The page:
It’s official: vinyl is now bigger than PlayStation (sort of)

(Image credit: Future)

OK, we’re having you on a bit with that headline, but new data released by the Entertainment Retailers Association (ERA) indicates that vinyl has now overtaken PlayStation games, DVDs and CDs to become the second most popular form of physical entertainment in the UK.

Despite well-documented production bottlenecks, the resurgent format now trails only to physical Nintendo Switch games, having enjoyed a 12.2% rise in sales in the past year. The research indicates that UK music fans have so far spent £80.9m on vinyl LPs in 2022 - that’s 20% more than they’ve shelled out on CDs.

Commenting on the figures, ERA CEO Kim Bayley said: ”Vinyl’s rise and rise seems unstoppable. For a 74-year-old analogue format to eclipse the digital-age technology of games platforms is quite extraordinary. Ten years into its long climb back to favour, the vinyl revival is most definitely here to stay.”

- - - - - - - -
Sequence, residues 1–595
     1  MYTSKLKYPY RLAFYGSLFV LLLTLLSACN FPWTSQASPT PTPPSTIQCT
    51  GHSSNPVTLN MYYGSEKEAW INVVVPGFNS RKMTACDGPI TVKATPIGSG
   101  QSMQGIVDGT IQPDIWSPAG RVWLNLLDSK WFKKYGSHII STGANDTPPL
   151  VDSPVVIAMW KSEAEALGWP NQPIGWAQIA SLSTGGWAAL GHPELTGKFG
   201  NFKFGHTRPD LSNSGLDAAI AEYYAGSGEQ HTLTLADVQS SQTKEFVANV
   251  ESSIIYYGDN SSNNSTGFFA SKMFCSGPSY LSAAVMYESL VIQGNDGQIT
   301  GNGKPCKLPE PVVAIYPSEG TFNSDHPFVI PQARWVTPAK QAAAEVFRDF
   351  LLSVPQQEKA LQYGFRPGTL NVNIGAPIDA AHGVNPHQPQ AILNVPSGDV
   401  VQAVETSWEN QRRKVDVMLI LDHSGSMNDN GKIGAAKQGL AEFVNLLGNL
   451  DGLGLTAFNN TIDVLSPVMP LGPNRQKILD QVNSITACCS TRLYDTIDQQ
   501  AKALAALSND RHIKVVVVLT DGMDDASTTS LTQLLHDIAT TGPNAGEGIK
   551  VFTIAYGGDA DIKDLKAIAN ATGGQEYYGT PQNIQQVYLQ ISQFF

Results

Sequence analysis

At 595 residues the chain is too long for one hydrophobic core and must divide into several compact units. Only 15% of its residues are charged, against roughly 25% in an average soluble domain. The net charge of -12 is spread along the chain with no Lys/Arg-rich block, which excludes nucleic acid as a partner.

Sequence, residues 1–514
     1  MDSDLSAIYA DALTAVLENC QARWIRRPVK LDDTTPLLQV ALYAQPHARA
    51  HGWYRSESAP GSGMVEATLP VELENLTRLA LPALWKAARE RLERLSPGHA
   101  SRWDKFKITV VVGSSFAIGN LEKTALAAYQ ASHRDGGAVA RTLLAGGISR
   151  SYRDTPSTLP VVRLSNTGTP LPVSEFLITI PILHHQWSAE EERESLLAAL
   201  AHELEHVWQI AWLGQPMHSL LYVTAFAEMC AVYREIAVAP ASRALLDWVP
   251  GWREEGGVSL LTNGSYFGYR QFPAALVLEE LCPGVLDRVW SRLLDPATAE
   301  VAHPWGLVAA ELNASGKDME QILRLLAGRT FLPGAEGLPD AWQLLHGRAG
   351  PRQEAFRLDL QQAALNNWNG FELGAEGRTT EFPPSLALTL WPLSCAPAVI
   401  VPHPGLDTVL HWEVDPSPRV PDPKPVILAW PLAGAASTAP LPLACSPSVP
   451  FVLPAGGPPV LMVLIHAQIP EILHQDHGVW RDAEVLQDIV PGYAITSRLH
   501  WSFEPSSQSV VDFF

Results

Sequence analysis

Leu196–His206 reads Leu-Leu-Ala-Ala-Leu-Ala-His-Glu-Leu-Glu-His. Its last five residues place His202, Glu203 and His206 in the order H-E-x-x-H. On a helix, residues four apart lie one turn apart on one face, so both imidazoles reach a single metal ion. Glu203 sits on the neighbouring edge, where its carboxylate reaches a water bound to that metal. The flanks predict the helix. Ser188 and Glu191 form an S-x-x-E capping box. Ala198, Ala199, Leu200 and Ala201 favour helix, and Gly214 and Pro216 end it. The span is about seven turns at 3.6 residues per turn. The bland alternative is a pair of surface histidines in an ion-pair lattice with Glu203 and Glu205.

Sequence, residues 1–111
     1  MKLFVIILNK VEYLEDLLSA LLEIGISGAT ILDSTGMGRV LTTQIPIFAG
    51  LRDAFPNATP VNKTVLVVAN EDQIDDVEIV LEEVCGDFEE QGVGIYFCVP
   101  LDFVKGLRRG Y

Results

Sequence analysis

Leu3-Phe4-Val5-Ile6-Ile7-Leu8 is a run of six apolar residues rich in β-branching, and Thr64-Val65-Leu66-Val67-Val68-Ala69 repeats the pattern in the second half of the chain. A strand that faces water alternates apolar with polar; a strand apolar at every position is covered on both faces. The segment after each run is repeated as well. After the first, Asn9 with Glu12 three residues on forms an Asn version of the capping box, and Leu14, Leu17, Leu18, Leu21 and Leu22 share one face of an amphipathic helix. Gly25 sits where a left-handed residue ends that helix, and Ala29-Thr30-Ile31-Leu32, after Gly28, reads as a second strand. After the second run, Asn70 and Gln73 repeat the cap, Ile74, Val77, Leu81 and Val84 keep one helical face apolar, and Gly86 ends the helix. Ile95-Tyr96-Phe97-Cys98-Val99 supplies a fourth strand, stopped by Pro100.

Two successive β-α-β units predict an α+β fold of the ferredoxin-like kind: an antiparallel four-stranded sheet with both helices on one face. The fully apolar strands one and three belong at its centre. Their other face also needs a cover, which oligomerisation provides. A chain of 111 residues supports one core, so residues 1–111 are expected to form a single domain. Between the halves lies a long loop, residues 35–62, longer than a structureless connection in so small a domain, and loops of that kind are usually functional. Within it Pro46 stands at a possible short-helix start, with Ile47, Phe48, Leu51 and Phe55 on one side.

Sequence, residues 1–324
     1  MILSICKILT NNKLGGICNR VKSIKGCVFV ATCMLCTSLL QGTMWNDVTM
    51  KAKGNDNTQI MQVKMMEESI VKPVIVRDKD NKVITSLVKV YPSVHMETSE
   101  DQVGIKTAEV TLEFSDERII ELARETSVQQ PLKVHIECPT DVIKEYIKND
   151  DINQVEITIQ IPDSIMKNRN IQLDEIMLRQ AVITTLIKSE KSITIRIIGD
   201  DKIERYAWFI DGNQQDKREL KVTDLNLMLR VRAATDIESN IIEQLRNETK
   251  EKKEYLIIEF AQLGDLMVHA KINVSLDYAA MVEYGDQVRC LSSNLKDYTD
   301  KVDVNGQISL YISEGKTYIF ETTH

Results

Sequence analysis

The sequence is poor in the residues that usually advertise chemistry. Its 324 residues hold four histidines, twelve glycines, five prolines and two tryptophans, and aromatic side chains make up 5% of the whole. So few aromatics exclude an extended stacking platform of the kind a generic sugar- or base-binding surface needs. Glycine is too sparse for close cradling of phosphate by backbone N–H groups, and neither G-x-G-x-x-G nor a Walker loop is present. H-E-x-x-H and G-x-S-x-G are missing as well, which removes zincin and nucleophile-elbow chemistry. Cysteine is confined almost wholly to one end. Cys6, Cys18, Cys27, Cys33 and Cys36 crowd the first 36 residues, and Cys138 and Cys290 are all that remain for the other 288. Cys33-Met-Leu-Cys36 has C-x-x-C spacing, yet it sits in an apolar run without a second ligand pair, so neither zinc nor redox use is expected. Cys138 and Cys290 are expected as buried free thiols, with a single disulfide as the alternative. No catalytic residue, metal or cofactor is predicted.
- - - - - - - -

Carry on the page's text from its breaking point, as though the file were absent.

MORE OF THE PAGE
Of course, these figures ignore the fact that a lot of video games are purchased digitally these days, but vinyl’s resurgence is still pretty remarkable. Not everyone is over the moon about it, though; back in July, Ableton Live co-creator argued that the CD is a better option for people who still want to be able to hold their music in their hands.

“I still love physical products,” he said, “but manufacturing big heavy plates of plastic and have [sic] them shipped around the globe is a huge waste of energy and resources.”

One music format that hasn’t made the ERA’s list of top-selling physical entertainment formats is the cassette, so maybe that revival has been somewhat overstated. 

Ben Rogerson
Deputy Editor

I’m the Deputy Editor of MusicRadar, having worked on the site since its launch in 2007. I previously spent eight years working on our sister magazine, Computer Music. I’ve been playing the piano, gigging in bands and failing to finish tracks at home for more than 30 years, 24 of which I’ve also spent writing about music and the ever-changing technology used to make it.